The other part (my own hypothesis), not mentioned, is the fact that the friction of pulling tape off of a roll actually can create noticable wasted heat energy. I’ve used a lot of tape in a very short time and the roll can become quite warm. This additional heat energy may be contributing to the thermionic effect at lower temperatures than are needed normally. It is also possible that the airborn particles of adhesive (identifiable by smell) may serve as accidental lasing medium or form excimers that become excited in the presence of the emitted electrons. I’m going out on a limb, but it’s the best I can do since they can’t explain the effect themselves.

    Any way you slice it, it’s very cool.

  9. @sanka

    Not likely.. probably nowhere near strong enough to be readable above background radiation.. I’d imagine you’d need MeV energy range to begin to pick it up (don’t ask me, I’m an optics guy)

  10. The mechanism that generates the high voltage is due to the conservation of charge, q, and the relationship q=cv.

    When the tape is peeled off the capacitance between the layers is suddenly reduced to a tiny fraction so the voltage shoots up until there is a discharge. I would expect a lot more voltage in a vacuume with no gas to ionise and discharge the capacitance.

    X-Rays are not formed by the *acceleration* of electrons, but rather the sudden stop when very fast electrons hit a target, normally metallic, causing secondary x-ray emission.

    For perspective, a friend has a power supply from a medical x-ray machine, an oil-filled tank about 1.5 ft cube with huge HV bushings on top, rated at truly lethal 100kV at ~100mA (short duty-cycle). Because of this sort of power level some x-ray tubes have rotating targets so they don’t melt.

    Very little risk of radiation sickness from sticky tape I think, even in space. :)

  11. How much does a vacuum pump cost? I need a vacuum of about 0.001 torrs.

    How much does a X-ray detector cost?

    How much does a NEUTRON detector cost?

    Where can I buy deuterium or pycnodeuterium (deuterium in palladium lattices)?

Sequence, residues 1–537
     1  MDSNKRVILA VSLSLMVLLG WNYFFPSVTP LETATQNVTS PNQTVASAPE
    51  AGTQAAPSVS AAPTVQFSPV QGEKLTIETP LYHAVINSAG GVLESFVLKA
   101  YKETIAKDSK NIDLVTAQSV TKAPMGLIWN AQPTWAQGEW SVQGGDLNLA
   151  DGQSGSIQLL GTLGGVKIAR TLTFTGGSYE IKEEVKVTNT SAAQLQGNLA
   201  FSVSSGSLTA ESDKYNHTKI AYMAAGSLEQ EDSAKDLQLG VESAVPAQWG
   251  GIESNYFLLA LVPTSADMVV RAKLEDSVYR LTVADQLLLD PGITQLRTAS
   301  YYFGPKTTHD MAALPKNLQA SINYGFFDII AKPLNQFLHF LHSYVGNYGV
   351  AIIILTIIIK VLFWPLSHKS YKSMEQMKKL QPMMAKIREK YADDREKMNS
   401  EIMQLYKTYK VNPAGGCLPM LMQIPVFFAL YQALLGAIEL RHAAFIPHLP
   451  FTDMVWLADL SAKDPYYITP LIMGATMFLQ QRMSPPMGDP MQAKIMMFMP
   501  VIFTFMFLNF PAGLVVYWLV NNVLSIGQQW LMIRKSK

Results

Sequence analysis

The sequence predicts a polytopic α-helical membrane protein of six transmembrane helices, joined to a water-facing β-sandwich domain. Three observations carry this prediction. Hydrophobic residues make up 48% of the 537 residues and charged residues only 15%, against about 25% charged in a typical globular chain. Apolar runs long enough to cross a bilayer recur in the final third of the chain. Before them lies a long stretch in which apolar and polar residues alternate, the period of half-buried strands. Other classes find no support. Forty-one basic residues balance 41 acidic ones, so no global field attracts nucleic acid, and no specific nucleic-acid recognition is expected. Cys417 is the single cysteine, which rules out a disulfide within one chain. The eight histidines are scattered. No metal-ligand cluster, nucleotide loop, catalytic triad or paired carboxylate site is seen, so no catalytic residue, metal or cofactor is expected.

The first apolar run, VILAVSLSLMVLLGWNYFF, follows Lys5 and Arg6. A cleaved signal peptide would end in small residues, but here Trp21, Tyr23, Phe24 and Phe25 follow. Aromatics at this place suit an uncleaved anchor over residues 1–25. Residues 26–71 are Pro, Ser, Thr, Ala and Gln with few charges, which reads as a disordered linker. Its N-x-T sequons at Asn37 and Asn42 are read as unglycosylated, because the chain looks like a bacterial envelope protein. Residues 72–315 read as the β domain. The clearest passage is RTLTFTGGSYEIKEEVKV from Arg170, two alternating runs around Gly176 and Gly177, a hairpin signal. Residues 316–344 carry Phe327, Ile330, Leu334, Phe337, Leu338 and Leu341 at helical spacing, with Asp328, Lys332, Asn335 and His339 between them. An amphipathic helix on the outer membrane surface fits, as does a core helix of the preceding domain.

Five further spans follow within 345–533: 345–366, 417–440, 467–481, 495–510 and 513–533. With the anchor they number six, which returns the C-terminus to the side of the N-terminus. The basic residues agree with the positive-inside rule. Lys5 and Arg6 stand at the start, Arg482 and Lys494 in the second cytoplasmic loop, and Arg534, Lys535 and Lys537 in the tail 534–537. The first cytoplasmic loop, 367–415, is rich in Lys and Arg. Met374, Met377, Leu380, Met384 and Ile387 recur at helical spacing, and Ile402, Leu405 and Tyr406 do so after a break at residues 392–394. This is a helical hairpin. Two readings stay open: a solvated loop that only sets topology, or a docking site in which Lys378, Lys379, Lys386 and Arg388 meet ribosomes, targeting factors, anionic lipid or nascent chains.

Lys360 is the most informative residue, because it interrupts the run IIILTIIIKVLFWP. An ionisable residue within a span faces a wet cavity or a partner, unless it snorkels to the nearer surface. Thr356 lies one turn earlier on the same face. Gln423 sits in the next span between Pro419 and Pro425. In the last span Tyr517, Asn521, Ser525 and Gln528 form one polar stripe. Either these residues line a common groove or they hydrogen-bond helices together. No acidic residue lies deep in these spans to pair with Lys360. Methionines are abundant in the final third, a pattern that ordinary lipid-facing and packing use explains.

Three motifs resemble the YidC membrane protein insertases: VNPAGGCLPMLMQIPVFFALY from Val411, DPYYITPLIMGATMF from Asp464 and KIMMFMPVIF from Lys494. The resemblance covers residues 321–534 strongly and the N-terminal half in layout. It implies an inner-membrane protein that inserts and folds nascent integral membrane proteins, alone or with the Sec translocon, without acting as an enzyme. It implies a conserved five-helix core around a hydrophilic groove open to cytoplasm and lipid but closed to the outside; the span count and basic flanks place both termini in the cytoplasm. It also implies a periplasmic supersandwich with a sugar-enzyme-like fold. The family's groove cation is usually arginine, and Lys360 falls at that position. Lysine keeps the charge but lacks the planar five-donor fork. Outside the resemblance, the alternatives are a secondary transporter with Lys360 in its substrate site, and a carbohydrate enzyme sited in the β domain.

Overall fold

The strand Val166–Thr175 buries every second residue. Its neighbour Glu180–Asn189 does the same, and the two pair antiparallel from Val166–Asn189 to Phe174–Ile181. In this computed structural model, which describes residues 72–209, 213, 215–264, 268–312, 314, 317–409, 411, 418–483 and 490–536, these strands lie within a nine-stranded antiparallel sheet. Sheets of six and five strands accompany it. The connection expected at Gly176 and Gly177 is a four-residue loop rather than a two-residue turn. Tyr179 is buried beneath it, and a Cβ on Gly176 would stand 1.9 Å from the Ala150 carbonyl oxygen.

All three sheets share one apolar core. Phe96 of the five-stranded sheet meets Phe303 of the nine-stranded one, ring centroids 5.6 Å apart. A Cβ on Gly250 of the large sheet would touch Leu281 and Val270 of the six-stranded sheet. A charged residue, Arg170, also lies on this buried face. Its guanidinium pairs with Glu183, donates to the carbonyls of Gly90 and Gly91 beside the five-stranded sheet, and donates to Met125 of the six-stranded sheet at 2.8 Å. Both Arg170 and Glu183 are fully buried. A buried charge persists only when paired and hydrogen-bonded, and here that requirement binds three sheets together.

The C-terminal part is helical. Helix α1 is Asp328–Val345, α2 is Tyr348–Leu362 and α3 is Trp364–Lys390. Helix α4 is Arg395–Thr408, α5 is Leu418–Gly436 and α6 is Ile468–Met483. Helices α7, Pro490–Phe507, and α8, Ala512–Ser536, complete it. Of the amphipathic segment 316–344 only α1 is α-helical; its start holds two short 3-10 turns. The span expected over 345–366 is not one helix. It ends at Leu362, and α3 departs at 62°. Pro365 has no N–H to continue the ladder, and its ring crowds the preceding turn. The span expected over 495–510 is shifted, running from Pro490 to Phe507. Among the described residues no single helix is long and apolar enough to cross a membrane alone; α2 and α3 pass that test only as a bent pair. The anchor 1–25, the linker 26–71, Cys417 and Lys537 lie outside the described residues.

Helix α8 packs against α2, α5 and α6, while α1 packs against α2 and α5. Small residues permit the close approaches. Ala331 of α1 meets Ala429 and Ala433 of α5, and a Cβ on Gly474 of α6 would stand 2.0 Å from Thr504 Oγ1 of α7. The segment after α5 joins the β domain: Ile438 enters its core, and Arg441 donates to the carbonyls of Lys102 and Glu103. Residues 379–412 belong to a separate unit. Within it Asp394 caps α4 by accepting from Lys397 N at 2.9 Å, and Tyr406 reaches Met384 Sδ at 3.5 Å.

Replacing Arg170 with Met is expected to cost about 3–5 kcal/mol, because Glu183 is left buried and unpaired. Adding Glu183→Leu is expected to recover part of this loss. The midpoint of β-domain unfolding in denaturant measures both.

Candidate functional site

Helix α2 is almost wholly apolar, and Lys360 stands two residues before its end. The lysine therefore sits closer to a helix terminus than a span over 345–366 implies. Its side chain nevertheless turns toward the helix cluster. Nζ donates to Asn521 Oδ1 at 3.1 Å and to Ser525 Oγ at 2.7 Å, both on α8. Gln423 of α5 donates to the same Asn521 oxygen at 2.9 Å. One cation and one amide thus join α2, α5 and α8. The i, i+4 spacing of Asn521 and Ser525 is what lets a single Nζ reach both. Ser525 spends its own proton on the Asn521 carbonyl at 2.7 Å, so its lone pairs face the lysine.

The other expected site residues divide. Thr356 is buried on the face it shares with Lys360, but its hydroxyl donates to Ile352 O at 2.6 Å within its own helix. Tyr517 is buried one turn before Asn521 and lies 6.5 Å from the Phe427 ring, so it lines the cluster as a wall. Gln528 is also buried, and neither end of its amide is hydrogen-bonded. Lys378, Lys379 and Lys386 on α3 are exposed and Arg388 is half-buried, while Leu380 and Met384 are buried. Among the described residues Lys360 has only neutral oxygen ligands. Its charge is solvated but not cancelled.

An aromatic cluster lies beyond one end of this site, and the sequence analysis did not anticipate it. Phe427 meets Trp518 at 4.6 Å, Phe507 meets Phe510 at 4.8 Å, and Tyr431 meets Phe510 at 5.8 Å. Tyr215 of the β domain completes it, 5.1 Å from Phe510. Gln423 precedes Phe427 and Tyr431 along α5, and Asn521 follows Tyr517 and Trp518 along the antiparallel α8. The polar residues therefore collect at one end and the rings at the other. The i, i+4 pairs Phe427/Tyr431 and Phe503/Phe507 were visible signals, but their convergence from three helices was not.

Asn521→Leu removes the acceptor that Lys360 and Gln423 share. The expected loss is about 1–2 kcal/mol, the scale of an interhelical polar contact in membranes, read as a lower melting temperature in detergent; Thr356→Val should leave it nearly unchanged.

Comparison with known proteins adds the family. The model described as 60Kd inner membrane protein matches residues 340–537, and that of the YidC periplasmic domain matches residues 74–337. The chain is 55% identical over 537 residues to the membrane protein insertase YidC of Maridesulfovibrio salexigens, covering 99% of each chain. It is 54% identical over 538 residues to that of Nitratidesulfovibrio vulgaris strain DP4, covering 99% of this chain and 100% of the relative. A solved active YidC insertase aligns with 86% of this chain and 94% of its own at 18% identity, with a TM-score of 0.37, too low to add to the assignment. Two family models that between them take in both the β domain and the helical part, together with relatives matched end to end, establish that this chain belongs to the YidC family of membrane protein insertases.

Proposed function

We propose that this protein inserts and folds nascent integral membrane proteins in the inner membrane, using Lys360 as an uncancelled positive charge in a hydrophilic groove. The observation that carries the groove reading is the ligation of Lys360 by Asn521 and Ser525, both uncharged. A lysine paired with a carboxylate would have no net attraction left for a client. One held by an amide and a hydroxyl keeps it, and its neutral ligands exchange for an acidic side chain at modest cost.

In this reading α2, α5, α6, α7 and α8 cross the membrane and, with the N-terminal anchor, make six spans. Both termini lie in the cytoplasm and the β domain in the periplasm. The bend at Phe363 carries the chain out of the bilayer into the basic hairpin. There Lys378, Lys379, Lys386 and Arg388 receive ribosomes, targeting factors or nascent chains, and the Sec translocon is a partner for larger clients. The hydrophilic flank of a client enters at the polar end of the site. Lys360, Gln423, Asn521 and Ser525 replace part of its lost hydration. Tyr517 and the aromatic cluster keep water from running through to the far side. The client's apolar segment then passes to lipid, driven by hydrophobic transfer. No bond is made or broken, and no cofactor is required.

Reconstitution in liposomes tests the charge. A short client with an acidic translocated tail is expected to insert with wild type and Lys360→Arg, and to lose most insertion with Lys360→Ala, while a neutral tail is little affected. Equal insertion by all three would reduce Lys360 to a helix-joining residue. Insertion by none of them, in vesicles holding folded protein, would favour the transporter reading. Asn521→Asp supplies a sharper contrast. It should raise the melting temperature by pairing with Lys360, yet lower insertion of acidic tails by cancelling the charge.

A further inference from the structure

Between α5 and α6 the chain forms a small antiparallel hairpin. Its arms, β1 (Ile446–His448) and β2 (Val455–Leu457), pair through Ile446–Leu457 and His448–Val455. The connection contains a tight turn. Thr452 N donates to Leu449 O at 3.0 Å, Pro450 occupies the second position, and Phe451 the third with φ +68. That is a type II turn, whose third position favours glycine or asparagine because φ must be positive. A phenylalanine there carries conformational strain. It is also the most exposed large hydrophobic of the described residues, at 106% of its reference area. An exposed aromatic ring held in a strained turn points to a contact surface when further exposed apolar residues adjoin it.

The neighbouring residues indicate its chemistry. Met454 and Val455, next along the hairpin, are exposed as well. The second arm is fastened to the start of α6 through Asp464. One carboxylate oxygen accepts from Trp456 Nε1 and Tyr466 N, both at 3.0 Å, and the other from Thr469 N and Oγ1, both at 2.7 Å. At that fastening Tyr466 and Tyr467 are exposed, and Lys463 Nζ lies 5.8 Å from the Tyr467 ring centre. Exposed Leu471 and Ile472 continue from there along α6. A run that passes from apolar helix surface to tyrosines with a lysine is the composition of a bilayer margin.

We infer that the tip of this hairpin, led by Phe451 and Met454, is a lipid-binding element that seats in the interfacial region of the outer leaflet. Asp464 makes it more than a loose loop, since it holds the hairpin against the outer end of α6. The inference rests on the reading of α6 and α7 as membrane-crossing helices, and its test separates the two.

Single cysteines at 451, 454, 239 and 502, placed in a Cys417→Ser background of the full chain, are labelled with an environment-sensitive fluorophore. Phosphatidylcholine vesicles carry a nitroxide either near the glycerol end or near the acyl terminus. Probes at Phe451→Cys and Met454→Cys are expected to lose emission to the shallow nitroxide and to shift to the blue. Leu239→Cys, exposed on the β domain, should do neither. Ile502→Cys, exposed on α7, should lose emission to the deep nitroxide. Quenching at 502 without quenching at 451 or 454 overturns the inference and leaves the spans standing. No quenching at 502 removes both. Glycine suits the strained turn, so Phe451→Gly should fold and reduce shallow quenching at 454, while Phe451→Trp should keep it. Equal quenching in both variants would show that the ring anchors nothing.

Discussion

Please, reply.

  12. @henri heinonen good luck.

    I bet there are much better materials out there then regular office tape. Can you imagine portable x-ray machines, machines that won’t need power because you could peddle them to generate x-rays. I’m really interested in scientific discoveries like this one hackaday, keep up the great posts.

  13. At one point in the video the experimenter holding the radiation meter says that he’s getting scared, so this setup may in fact generate quite a lot of radiations, more than I’d have guessed. There is apparently enough x-rays emitted to make a radiography of a finger.

  14. I thought “emit” means that the x-rays have to pass through the vacuum envelope.

    In an medical X-ray tube, the cathode heats a filament causing electrons to get excited and form what is known as a negative electron cloud.

    On the other end of the tube is a the anode that when flipped on is positive. Opposites attract causing the cloud to smash into the spinning tungsten initiating bremsstrahlung (breaking radiaiton)

    These x-rays are then angled out of the anode and then pass through filters (keeping low kv out) and on through to the patient.

  15. on a side note they also tested toilet paper. the friction of the tissue and your hind quarters may tear the fabric of time a space and create a small black hole in your bathroom.